Monthly Archives: May 2014

The Swan Song of School

www.melindawentzel.comI have a love-hate relationship with the end of my children’s school year (i.e. that inimitable wedge of time that is at once delicious and detestable—conveniently sandwiched between the intensity of academics and the celebrated death of structure). To most, it would seem like a fairly simple dichotomy: either one richly embraces said collection of days during the frenzied months of April, May and a goodly portion of June or, conversely, harbors maniacal thoughts of lighting that portion of the calendar on fire. But for me, it has always been a more complex matter as I am torn between the two extremes.

Indeed, part of me completely loathes the end-of-school-year insanity—especially the frenetic pace at which we parents must perform. We dutifully ferry our charges hither and yon without complaint, cram our schedules with more events than it is humanly possible to attend and go above and beyond to ensure that the infinitely numbered details of our children’s lives are perfectly coordinated and expertly managed, that is until we are lulled into the lair of summer, when and where we can finally breathe. Then again, let us not forget the onslaught of camp registration deadlines that loom large, making us slightly unnerved over the uncertain nature of our so-called master plan for the coming months.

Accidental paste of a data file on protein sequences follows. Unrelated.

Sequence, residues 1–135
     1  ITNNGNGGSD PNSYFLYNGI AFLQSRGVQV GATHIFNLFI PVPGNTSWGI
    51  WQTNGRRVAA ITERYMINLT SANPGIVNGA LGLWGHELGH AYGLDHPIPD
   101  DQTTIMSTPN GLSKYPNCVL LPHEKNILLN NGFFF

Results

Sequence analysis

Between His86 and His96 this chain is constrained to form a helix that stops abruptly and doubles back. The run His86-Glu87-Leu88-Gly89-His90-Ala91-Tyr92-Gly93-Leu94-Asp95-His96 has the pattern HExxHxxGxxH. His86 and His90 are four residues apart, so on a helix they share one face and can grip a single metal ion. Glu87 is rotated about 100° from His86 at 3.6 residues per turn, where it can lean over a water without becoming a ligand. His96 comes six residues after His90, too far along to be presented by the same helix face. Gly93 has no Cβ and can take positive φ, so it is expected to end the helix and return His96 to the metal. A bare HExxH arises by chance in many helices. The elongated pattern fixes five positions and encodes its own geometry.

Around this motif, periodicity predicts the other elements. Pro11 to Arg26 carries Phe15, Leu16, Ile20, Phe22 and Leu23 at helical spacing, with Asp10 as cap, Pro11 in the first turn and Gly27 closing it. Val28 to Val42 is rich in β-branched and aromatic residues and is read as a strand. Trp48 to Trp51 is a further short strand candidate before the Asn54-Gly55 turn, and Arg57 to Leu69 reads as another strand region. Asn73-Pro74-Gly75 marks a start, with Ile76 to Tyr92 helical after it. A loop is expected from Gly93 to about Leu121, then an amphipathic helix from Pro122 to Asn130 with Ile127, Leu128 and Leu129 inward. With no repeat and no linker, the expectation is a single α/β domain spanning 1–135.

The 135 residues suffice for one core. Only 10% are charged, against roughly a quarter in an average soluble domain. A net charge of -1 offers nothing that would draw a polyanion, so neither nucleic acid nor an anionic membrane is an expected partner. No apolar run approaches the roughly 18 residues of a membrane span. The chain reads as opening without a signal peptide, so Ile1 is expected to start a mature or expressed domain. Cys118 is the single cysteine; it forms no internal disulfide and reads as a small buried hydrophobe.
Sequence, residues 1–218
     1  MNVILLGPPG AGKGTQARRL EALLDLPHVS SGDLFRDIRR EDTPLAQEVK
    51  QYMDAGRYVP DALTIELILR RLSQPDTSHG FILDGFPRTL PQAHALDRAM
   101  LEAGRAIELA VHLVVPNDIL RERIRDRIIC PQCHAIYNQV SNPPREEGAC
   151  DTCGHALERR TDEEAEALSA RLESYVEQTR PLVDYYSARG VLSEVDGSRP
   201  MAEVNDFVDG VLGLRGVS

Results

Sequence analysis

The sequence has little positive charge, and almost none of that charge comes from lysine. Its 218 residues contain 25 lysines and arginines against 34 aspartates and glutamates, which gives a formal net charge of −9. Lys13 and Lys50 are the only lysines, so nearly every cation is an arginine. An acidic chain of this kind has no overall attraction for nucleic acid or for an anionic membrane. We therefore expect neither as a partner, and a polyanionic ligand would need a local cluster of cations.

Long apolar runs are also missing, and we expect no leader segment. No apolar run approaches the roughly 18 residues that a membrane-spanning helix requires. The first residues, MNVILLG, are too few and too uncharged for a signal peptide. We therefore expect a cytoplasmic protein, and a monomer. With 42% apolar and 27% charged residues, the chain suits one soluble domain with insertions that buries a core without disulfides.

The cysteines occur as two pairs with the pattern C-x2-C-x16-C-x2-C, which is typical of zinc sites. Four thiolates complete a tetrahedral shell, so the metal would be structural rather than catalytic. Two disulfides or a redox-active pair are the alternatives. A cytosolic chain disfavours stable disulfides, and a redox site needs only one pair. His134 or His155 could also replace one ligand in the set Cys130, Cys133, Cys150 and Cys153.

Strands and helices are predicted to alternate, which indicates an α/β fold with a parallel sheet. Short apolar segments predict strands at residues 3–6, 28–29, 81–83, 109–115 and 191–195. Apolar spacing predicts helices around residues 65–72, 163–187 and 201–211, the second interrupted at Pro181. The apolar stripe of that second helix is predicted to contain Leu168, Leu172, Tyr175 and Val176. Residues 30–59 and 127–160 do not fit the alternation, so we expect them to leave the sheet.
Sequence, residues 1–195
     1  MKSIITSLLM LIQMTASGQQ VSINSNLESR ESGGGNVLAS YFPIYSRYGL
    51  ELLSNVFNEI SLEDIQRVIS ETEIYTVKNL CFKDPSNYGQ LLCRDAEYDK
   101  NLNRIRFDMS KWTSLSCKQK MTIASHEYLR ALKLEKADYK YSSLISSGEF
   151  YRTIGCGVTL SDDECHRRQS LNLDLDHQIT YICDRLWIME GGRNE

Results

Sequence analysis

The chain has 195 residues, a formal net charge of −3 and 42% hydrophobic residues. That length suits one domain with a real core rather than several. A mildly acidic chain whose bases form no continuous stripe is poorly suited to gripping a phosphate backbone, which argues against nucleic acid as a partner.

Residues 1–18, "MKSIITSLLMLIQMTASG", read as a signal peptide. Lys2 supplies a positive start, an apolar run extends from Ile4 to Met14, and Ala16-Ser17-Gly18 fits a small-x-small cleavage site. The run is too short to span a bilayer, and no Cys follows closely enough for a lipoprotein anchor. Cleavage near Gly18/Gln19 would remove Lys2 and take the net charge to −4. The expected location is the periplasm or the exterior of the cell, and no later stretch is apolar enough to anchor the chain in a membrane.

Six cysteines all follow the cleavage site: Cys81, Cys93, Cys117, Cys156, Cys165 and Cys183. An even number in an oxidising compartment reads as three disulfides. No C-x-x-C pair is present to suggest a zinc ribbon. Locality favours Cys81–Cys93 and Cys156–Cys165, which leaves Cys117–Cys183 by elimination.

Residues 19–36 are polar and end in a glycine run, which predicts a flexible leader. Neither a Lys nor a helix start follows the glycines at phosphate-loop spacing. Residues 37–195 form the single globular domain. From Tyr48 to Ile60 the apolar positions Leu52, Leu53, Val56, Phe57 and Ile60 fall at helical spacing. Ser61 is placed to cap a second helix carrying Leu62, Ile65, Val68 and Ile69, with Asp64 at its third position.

By the same token, another part of me is entirely enraptured by this particular chapter of parenthood. That said, there is a certain zeal with which my progenies now arise to greet the day on school mornings. And the greatly anticipated demise of the Homework Era alone is enough to make all concerned parties slightly euphoric. What’s more, and against all logic and understanding, the obscene magnitude of activities slated to take place in the closing months—to include field trips and outdoor events, career days and concerts, award ceremonies and parties galore—somehow fill me with glee. Never mind the delirium-infused state my brood enjoys as a result, making it difficult for anyone and everyone in this household to get a good night’s sleep prior to that which is deemed A BIG DAY. Lord knows we’ve experienced many such days (and sleepless nights) since the advent of spring and its characteristic ratcheting of school-sponsored events. Oy.